JVC HD Everio GZ-HD3 camcorder review

JVC's palm sized High Definition 60GB hard disk camcorder hits the Best4Reviews test bench. How does it fare?

If there are two words guaranteed to make the heart of any self confessed 'techie' sing, it is 'high' and 'definition', especially when most of us are chucking that clunky cathode ray tube telly on the skip and investing in a flat screen LCD or Plasma set.

Of course, high technology always trickles down to consumer level, and now we're getting used to watching High Definition, we'll want to be able to capture our home movies with the same visual precision.

Enter JVC with its keenly priced HD Everio GZ-HD3, which records full HD 1440x1080 pixels definition video in growing in popularity AVCHD format direct to 60GB built-in hard disk, and fits snugly in the palm with a dimple pattern grip, plus a build quality, design and feature set that suggests a more professional device that you'd expect for the outlay.

Like the pioneering Panasonic's higher end models, JVC's new GZ-HD3 camcorder features not one but three CCD sensors - each one dedicated to one of the three primary colours (red, green and blue for the uninitiated) to capture and deliver more life like moving footage. The CCDs themselves are 16:9 progressive scan, recording a pixel array with native 16:9 dimensions (widescreen) perfect for viewing on an HDTV (or alternatively authoring to a DVD or Blu-ray disc).

The JVC HD Everio GZ-HD3 employs what it claims are five different noise reduction technologies to provide cleaner looking images than previous generations of JVC's standard definition models, but of course, all this technology would be for nowt with the bottom of a milk bottle for a lens. Fortunately JVC has employed optics from the renowned Konica Minolta, which both ensure clarity of vision and contribute to the camcorder's compactness.

The JVC HD Everio GZ-HD3 is also pleasantly responsive. Turn the mode dial at the right hand side of the camera and open the 2.8-inch widescreen LCD and you’re ready to begin shooting in a second or two. Unusually, you have to manually flick open the retractable lens cover to do so.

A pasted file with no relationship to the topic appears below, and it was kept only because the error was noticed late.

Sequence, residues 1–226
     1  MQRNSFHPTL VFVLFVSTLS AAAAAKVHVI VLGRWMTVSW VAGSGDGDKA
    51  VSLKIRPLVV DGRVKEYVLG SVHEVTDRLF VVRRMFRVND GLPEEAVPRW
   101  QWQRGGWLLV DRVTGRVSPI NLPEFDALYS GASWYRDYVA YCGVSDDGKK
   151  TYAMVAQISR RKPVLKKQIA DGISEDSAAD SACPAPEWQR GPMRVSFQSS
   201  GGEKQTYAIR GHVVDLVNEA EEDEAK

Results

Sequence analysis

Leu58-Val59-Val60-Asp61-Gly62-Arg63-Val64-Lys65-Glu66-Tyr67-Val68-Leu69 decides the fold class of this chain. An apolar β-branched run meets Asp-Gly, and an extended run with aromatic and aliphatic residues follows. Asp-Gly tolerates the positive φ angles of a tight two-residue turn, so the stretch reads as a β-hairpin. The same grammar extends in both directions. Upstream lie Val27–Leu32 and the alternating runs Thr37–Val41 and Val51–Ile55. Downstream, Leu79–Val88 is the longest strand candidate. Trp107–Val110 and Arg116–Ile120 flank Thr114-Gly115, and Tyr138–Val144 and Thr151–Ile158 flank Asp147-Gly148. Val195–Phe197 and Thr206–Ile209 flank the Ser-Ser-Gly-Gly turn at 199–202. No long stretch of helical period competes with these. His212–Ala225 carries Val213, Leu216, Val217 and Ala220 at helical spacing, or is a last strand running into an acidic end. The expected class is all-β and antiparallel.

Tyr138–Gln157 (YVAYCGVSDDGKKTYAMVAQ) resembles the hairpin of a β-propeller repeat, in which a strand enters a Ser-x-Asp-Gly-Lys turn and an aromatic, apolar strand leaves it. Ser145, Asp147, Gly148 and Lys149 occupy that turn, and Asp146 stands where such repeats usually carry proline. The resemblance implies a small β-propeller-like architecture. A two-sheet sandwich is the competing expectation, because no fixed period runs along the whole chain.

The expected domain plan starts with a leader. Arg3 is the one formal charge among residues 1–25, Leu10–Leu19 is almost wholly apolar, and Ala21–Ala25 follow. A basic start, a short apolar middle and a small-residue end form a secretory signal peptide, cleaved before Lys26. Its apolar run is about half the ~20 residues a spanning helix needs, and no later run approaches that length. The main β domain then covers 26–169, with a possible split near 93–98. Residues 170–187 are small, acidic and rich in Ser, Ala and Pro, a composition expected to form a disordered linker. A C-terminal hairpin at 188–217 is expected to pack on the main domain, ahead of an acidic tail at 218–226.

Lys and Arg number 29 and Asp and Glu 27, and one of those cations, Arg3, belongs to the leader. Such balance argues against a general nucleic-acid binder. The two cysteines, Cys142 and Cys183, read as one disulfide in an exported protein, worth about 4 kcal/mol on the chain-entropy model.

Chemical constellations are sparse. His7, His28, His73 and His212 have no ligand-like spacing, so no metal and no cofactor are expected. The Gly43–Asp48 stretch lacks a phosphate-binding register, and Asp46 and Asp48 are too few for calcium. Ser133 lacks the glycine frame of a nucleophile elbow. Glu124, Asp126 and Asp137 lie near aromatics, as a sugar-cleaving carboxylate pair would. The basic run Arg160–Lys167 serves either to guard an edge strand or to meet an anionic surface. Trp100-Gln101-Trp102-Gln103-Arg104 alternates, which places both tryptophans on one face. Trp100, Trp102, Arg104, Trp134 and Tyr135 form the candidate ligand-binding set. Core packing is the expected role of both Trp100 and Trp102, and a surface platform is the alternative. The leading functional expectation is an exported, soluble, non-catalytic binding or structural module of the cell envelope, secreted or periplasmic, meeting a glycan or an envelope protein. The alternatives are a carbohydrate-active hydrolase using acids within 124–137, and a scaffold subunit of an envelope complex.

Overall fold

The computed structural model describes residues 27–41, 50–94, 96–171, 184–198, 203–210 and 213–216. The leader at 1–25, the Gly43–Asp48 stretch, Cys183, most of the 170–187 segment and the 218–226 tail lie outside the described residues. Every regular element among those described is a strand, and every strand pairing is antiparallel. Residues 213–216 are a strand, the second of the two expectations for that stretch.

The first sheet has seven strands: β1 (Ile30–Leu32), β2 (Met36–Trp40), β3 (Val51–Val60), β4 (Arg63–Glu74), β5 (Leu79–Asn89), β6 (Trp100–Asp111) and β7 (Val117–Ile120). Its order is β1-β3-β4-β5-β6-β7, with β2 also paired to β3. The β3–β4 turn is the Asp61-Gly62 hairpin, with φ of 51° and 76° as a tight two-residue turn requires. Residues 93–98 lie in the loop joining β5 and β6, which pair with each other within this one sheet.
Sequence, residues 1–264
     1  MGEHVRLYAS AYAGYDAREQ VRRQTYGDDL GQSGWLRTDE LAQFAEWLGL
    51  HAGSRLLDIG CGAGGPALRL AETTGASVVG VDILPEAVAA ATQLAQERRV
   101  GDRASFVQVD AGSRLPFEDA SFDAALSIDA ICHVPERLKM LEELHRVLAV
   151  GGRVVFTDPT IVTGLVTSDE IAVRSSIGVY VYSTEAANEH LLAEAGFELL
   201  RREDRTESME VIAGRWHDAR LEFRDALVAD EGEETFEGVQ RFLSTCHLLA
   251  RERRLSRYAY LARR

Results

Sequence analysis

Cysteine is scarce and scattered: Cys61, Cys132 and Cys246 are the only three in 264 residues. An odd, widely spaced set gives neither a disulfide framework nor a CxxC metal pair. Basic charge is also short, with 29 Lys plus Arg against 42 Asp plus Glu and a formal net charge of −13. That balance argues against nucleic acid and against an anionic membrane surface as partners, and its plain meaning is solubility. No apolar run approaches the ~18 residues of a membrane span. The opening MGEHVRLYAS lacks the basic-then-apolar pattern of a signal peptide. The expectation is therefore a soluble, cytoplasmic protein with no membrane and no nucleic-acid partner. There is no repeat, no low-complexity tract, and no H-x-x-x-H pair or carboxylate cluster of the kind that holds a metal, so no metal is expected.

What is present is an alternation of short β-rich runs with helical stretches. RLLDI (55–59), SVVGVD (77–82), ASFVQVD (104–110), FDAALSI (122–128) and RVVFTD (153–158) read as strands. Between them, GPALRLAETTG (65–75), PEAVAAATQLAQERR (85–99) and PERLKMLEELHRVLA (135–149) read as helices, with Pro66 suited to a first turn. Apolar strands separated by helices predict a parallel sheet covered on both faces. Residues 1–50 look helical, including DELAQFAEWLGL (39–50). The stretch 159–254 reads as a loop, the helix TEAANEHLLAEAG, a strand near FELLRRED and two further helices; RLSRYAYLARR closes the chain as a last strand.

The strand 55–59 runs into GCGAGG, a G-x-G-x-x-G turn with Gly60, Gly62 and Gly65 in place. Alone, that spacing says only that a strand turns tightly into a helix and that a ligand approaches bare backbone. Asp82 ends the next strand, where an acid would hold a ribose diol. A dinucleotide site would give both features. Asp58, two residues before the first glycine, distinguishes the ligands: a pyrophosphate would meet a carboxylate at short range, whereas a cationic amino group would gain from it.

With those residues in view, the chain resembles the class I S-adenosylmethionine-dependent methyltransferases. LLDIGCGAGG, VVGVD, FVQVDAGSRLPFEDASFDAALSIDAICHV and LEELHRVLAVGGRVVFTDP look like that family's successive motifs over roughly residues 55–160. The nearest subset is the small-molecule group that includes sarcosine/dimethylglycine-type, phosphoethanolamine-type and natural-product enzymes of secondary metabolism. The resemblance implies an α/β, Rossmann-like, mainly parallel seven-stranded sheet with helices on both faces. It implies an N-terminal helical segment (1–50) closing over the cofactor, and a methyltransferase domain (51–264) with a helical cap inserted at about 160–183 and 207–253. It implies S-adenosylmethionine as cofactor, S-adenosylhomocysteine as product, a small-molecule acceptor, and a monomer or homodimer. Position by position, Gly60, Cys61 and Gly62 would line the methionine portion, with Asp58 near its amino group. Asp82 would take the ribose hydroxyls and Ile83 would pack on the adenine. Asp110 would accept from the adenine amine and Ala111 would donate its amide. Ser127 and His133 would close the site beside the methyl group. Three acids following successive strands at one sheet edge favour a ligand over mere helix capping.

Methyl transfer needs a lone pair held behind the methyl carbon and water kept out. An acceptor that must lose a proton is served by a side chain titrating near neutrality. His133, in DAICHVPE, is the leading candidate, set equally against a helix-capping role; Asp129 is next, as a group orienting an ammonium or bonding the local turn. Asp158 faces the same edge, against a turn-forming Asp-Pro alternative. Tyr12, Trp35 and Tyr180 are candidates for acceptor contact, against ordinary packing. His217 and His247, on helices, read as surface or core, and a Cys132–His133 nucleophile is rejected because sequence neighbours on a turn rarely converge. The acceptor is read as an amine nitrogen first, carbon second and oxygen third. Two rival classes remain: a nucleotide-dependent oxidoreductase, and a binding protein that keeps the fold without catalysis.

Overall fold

Equally unusually when compared with direct rivals, video footage can not only be recorded direct to HD drive but also removable SD or higher SDHC cards (the latter now available in 32GB capacity) via a slot at its base that will be unfortunately  inaccessible if using the HD3 on a tripod. You also get a professional looking lens hood (a rarity on a  consumer level camcorder) plus a standard-issue 10x optical zoom for getting closer to the action that can be digitally extended to a whopping 200x.

The ability to plug and play utilising and SD card – and also expand the JVC’s already high storage capacity is a real boon, avoiding a myriad cables and the frustration of compatibility issues. That said no HDMI cable is provided in the box, alongside the familiar audio/video out leads.

Though there’s a regular USB lead and you can transfer the contents of the HD3’s hard disk to SD card for downloading (useful if you have a card reader/writer), it does feel rather short-sighted and at this price, cheap.

Performance wise however, the JVC impressed us with its good, clear stereo sound quality. If we've a niggle it's how auto focus takes a brief moment to adjust for optimum clarity when panning between subjects. Yet the JVC HD Everio GZ-HD3 provides commendable noise-free image reproduction in low light – for example a tungsten-lit room in the evening – with flatteringly vibrant colours (particularly those reds, greens and blues).

With picture quality closer to more expensive competitors than those in its immediate class, the JVC GZ-HD3 suggests itself as a good HD option for those on a budget, though the need to buy additional cabling and removable storage media to fully realise all its functionality loses it the ultimate accolade of both editor's choice and best buy badges.